PetaPixel: IKEA Cardboard Camera Called KNAPPA To Land on Store Shelves Soon. Even Ikea is going into the cheap digital camera market.

BJP: New app bring lossless “developed raw” images to the iPhone.

Even about Instagram and Hipstamatic. Last week, there was an auction to help the family of Anton Hammerl, who was killed in Libya a year ago.

BBC: War photographer Anton Hammerl remembered at auction. A video of the auction and interviews with family, friends and colleagues.

NYT Lens: At Christie’s, an Auction for Anton.

Time Lightbox: Robert Capa, Friend of Anton.

Talking about Robert Capa…

The Guardian: Robert Capa and Gerda Taro: love in a time of war.

In Spain, Capa soon developed a reputation for taking photographs whatever the risk, setting the tone for war reportage as we now know it. Taro, too, was often seen running across the battle lines with her camera, her bravery matched by her recklessness. She travelled back and forth to the frontlines, shooting what she saw, often driven by a mixture of humanity, political commitment and a shrewd understanding of the power of the photograph to shape public opinion.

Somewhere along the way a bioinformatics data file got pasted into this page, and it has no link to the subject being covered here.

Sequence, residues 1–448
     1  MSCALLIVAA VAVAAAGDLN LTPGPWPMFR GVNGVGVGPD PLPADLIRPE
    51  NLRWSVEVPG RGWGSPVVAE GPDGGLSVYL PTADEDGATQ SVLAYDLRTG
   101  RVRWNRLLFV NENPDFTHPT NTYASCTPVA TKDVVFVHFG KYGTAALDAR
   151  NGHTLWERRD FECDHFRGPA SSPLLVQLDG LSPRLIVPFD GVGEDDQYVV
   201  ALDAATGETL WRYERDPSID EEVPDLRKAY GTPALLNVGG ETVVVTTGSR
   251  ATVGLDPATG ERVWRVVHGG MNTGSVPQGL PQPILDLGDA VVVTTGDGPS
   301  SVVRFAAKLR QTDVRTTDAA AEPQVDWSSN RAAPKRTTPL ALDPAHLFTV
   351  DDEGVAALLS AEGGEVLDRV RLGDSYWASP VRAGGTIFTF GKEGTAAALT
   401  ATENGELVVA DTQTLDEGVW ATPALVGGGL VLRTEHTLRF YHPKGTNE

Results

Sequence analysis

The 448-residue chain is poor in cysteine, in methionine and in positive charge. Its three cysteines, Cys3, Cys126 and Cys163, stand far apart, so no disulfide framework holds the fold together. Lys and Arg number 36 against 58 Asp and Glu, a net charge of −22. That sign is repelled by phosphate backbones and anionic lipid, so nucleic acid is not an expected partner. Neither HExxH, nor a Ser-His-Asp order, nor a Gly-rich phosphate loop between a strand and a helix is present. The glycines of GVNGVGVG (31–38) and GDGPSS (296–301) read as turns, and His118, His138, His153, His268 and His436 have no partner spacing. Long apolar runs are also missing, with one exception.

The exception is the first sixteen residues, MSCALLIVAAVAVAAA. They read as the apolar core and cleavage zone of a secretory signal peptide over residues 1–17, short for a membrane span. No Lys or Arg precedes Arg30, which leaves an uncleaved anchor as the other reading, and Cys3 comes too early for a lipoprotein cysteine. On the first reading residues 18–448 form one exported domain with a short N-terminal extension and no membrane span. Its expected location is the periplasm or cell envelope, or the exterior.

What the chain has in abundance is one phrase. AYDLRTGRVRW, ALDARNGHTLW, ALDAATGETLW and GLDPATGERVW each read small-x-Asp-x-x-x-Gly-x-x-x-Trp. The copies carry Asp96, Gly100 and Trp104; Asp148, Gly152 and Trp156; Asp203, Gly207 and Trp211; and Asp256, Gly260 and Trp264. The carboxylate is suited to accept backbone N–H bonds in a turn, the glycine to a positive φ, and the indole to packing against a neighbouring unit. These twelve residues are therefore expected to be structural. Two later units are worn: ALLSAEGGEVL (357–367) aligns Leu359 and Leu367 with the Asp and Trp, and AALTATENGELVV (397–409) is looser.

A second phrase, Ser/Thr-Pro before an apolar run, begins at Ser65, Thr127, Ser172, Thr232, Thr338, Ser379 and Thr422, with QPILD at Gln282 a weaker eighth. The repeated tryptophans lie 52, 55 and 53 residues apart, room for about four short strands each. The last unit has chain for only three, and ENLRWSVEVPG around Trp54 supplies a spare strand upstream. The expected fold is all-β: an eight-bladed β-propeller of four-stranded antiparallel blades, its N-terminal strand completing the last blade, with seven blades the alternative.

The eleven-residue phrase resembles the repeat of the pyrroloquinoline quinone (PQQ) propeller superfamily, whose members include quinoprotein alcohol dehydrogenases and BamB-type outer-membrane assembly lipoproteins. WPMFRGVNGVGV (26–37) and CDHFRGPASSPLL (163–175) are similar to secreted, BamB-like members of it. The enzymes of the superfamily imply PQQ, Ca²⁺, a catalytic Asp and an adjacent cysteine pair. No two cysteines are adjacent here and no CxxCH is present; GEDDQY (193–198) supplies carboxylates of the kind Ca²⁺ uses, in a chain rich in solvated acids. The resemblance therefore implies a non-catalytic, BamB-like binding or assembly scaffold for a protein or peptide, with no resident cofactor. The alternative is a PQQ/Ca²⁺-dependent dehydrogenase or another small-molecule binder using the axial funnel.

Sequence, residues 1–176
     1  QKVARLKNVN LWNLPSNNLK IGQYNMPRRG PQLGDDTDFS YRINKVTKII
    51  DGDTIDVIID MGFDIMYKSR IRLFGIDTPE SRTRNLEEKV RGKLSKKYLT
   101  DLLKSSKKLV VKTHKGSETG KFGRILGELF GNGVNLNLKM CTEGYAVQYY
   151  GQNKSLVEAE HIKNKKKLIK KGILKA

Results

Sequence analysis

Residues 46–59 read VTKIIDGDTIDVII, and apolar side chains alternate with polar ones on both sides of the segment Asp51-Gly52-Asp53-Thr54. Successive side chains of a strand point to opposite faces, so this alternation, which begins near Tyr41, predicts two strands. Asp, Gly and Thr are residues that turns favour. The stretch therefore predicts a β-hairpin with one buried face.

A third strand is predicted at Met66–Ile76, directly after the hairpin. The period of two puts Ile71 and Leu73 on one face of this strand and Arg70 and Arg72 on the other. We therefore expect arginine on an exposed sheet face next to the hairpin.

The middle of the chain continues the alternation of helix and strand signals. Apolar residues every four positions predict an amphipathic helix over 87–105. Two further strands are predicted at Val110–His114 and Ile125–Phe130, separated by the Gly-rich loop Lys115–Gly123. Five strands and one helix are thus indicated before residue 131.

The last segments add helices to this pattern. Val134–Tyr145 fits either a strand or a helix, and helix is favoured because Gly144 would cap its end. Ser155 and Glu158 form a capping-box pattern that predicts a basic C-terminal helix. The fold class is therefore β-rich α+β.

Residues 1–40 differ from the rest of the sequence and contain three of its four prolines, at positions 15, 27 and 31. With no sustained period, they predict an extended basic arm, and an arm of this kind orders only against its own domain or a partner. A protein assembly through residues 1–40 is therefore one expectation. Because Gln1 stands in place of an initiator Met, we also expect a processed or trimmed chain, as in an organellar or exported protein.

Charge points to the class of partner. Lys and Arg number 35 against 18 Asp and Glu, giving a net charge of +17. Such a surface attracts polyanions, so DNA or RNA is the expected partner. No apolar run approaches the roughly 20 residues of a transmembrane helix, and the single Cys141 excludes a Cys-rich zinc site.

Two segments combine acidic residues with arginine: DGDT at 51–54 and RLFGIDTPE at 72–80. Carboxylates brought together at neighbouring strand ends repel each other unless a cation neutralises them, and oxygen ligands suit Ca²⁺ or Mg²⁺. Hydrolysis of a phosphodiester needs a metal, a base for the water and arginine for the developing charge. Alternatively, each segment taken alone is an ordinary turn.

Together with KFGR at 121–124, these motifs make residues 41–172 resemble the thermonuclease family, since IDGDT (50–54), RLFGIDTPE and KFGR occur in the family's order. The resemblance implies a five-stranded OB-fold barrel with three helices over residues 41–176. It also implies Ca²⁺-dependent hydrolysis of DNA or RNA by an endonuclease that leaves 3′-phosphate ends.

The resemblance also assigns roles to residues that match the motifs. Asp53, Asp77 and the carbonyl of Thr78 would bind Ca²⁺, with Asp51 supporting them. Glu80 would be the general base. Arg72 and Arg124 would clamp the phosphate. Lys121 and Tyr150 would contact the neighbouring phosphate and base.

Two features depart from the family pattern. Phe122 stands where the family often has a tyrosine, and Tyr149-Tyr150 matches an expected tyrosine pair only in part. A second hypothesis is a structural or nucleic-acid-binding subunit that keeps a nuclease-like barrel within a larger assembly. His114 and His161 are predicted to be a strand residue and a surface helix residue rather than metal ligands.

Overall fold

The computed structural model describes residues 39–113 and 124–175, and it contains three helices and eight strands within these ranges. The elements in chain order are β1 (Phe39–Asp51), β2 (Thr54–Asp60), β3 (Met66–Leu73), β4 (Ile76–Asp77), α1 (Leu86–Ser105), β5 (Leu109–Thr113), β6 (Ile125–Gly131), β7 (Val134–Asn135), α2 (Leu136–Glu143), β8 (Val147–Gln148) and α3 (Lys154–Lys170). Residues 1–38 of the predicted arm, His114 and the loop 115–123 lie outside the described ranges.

Fred Stein Archive/Getty Images

Time Lightbox: Overseas Press Club Award Winners Announced. Including the Robert Capa Gold Medal Award, which went to André Liohn.

Channel 4 News: Death in a time of life. Jon Snow remembers Marie Colvin, who was killed in Syria earlier this year.

NYT Lens: Parting Glance: Horst Faas.

Photo by Horst Faas / AP Photo.

PDN: Horst Faas, AP Combat Photographer, Dies age 79.

Panos Pictures: Robin Hammond Released From Prison in Zimbabwe. After being held for two weeks in Zimbabwe, Robin Hammond has been released and is back in Paris, safe and sound. I’m looking forward to seeing the images he came back with after spending two years documenting this country.

NYT Lens: A Ride Cloaked in Secrecy. I love this kind of articles, giving us a behind-the-scenes look at the news, especially when it has a West Wing kind of vibe. Here, we get the background on how a photographer reported on President Obama’s secretive trip to Afghanistan.